A great article on wilderness.org summarizes neatly that “Zahniser pointed out the law was intended to hold our expansionist tendencies at bay: “The nature of our civilization is such as to make wilderness preservation difficult at its best. That is the reason for wilderness legislation.” The main purpose of the Wilderness Act is to leave nature in, well, its natural state.
So, what can you expect when you venture into a designated Wilderness area? Perhaps most obvious is the lack of motorized and mechanized equipment. Human entry can only be achieved on foot or horseback. There are no roads, motor vehicles, bicycles, or even wheel barrows. (People with disabilities are allowed to enter via wheelchair). Land managers can’t even use chainsaws to clear the trails. Wilderness rangers and partnering non-profit groups use six-foot long cross-cut saws that take two people to use. These saws are remarkably efficient and very quiet. There is some pushback on the above regulations as well as much argument over just what “mechanized” means but that is a topic for another article.
This lack of motorized equipment not only forces everyone to slow down and smell the flowers; It allows visitors to experience only the sounds of nature. Wildlife is more at ease. One time, my dogs and I were walking so quietly through the Wilderness that as we stepped out of the woods into a clearing, we inadvertently sneaked up on a young mountain lion stalking a herd of cow and calf elk! It was like being inside an episode of Plant Earth. As the Wilderness Act states, Wilderness must have “outstanding opportunities for solitude or a primitive and unconfined type of recreation”.
The Wilderness Act also mandates that there are virtually no permanent manmade structures in designated Wilderness. “A wilderness, in contrast with those areas where man and his works dominate the landscape, is hereby recognized as an area where the earth and its community of life are untrammeled by man, where man himself is a visitor who does not remain.” The word “untrammeled” is often used by Wilderness devotees. Synonyms for “trammel” include drag, hobble, curb, inhibit, impede, obstruct, and encumber. Inside a Wilderness area, you will find no fences, dams, outhouses, weather stations, corrals, or shelters with the exception of some structures that existed before the area became designated Wilderness. If some sort of structure is erected, including a tent, it must be dismantled within 14 days. However, bridges are allowed where deemed necessary for safety. Other structures may be allowed on a case by case basis so long as they are “substantially unnoticeable”. For more clarification on structures in Wilderness and much more, read US Forest Service Manual chapter 2320 entitled Wilderness Management at this link: tinyurl.com/FSM2320-WildernessManagement.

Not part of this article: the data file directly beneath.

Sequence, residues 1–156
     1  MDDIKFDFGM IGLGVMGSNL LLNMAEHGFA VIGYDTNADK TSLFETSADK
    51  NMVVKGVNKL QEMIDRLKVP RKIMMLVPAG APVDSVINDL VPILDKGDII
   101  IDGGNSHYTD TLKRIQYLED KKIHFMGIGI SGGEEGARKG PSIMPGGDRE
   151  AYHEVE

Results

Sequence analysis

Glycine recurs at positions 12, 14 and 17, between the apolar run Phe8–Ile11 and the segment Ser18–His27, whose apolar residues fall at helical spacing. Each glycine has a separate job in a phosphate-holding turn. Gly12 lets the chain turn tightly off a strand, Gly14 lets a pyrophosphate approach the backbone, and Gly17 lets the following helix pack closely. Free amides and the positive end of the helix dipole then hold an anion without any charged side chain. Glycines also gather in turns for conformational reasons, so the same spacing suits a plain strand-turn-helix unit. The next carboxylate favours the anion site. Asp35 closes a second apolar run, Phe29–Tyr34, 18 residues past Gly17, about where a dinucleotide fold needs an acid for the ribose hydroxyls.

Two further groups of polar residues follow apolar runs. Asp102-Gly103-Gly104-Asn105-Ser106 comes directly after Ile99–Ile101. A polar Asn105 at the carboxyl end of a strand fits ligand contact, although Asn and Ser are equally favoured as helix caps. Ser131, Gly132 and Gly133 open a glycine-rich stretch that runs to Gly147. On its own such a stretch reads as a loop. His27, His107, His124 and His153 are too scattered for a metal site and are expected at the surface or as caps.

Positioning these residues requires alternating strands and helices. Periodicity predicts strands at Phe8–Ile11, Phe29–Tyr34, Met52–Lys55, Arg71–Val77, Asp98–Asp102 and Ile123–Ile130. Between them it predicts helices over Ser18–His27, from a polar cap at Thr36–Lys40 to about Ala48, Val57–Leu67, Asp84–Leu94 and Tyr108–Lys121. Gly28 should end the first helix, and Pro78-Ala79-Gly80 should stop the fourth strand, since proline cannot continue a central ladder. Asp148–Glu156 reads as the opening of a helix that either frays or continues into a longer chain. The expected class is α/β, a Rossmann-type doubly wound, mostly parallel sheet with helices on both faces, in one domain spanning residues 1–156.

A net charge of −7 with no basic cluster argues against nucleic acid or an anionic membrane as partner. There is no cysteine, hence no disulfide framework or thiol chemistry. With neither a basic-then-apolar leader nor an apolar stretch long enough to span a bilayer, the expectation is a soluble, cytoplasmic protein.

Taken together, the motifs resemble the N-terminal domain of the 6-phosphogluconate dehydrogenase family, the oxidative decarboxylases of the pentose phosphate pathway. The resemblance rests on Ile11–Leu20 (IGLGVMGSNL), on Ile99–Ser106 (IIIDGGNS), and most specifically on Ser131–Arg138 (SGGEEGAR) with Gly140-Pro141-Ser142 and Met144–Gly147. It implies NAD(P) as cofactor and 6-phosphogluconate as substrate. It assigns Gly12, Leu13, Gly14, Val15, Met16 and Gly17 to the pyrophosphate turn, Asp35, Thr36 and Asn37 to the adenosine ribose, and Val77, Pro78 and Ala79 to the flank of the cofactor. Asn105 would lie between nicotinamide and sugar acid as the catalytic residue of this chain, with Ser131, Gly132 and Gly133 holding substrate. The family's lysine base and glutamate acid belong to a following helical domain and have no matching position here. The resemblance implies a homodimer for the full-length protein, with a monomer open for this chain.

Here’s something else to keep in mind: Many designated Wilderness areas have regulations that go beyond what is stated in the Wilderness Act. For examples, campfires are not allowed in Chicago Basin and the entire Needle Creek drainage within the Weminuche Wilderness. In our four local Wilderness areas, dogs are allowed to be off leash as long as they are under voice control. However, in the Indian Peaks Wilderness west of Boulder, dogs must be on leash at all times. There are sections within other Wilderness areas where dogs are not allowed at all. Group size limits also vary. Be sure to familiarize yourself with the local regulations before visiting any swath of public lands, Wilderness or not. Often, calling the main offices and talking to a real human being is the best way to make sure you have the most up to date information. Responsible use helps keep public lands open and beautiful for future generations.
MK Gunn is Volunteer and Education Specialist for the San Juan Mountains Association. She helps manage a variety of volunteers who spend days out in the Weminuche Wilderness educating visitors. Contact her at MK@sjma.org
By Ruth Lambert
SJMA has begun a project to study the history of Hispano settlement along the San Juan River in Archuleta County and southeastern LaPlata County. The Hispano contributions are often unrecognized and under-appreciated yet they add a richness to our collective story.
Often at old or abandoned small settlements, the church and cemetery are the last remaining elements. In order to learn about the early settlement in the San Juan riverine area, this project studies five Catholic churches at Pagosa Junction, Trujillo, Tiffany, Allison, and the church ruins at Juanita. The project is assembling historical information from church records, genealogical data and interviews with knowledgeable people; collecting historical documents and photographs; and documenting the churches through field recording and photographs.